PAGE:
The Christian Theologian of Zion

From the February 2014 Print Edition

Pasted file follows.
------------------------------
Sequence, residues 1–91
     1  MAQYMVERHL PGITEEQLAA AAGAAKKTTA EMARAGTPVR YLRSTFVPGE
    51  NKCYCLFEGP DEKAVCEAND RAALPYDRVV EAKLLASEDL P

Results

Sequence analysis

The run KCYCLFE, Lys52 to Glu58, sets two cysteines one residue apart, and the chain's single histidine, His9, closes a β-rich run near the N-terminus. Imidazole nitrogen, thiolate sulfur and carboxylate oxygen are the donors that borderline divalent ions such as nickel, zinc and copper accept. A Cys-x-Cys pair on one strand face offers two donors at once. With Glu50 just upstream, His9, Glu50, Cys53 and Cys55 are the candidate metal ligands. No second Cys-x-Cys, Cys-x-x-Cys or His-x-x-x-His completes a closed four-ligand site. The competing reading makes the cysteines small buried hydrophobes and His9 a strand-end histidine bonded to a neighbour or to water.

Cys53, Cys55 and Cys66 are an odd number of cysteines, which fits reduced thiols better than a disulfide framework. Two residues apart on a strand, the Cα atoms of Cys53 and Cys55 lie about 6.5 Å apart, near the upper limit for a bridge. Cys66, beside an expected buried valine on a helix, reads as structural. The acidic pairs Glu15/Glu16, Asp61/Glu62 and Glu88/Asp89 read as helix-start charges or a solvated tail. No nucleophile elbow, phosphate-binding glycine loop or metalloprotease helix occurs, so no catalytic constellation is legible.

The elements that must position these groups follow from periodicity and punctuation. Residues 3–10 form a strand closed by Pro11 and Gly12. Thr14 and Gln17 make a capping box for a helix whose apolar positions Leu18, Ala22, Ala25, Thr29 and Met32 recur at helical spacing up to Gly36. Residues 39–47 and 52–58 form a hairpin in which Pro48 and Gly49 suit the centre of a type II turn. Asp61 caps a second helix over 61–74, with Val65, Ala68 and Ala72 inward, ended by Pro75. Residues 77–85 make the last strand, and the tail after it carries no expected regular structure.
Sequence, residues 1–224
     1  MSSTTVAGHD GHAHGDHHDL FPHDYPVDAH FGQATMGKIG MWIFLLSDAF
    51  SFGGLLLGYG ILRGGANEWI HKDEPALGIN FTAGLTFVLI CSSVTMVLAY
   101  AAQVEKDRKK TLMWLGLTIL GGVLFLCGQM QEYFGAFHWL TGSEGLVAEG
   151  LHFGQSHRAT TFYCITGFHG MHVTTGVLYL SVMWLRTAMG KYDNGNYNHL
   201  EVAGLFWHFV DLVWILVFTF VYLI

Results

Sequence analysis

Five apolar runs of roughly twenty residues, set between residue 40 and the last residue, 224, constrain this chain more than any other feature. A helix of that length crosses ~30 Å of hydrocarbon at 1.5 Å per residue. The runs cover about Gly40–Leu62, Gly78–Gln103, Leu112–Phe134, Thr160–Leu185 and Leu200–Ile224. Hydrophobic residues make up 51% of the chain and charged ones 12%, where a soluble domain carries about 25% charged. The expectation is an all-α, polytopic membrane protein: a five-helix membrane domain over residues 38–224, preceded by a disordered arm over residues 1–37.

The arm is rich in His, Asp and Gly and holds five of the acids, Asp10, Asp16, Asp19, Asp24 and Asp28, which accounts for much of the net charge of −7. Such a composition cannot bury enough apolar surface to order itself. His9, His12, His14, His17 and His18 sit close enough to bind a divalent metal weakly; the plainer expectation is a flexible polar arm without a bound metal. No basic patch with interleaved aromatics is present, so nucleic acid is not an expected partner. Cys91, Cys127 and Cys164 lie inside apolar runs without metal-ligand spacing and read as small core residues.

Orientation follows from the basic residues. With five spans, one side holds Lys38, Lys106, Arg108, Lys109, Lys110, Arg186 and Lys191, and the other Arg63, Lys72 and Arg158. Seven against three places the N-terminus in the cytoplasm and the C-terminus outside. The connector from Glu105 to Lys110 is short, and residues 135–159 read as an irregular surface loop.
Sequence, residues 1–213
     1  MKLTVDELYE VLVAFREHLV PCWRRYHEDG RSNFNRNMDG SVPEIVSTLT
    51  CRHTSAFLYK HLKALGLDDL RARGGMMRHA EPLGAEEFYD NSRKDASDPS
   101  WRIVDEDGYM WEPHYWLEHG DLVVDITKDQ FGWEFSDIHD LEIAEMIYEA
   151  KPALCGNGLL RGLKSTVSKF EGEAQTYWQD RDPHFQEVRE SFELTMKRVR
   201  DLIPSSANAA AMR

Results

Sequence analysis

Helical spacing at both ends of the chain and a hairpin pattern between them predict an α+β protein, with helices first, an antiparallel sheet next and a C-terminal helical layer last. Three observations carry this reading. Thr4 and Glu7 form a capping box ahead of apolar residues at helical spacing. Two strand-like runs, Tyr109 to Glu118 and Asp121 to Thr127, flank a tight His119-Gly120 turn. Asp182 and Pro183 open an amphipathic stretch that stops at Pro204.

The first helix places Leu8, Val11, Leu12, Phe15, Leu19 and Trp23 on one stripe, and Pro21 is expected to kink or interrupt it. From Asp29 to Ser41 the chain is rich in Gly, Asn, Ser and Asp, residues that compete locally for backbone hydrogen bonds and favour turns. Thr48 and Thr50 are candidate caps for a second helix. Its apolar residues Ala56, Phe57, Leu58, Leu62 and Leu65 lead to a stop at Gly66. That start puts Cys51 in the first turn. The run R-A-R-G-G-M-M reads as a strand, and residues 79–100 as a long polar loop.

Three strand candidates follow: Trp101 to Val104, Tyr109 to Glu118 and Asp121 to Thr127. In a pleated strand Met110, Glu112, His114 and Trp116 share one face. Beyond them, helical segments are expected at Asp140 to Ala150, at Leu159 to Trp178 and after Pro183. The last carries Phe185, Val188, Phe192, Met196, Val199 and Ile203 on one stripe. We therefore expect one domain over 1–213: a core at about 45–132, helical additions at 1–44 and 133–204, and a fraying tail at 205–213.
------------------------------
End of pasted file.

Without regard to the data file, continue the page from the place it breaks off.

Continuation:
Israel could not have hoped for as passionate an admirer as Fr. Marcel-Jacques Dubois, this most Israeli of traditionalist Catholic theologians, yet received at the same time almost as passionate a critic. His story and its theological legacy bring into sharp relief some of the permanent obstacles in Jewish–Christian relations.Born in 1920 into a traditional Catholic family in rural France, at the age of eighteen he asserted his independence of spirit by joining the Dominican Order. Together with fourteen of his Dominican brothers, during the war he helped conceal Jewish children within the walls of Catholic institutions. At the request of the order, he spent the last forty-five years of his life as a Christian thinker on the Jewish question and a senior Church envoy to the Jewish state.In 1962, Pope John XXIII pronounced to the Second Vatican Council that “the Church should never depart from the sacred treasure of truth inherited from the Fathers. But at the same time she must ever look to the present, to the new conditions and the new forms of life introduced into the modern world.” It was in this spirit of mediating tradition with the challenges of the twentieth century that the forty-two-year-old Dubois, recognized as a gifted theologian and scholar of Thomas Aquinas, was tasked by his superiors with strengthening the Catholic presence in Israel.Having lived during the Holocaust, Dubois regarded the establishment of Israel as profoundly improbable and nearly sublime. Submitting himself almost as a pilgrim to the common experience of immigrants to Israel, he succeeded in mastering the Hebrew culture, and more gradually in cultivating a deep familiarity with Israeli academic and intellectual life. His first permanent Israeli home was the small but later influential West Jerusalem Dominican community, the House of Saint Isaiah. Continue Reading »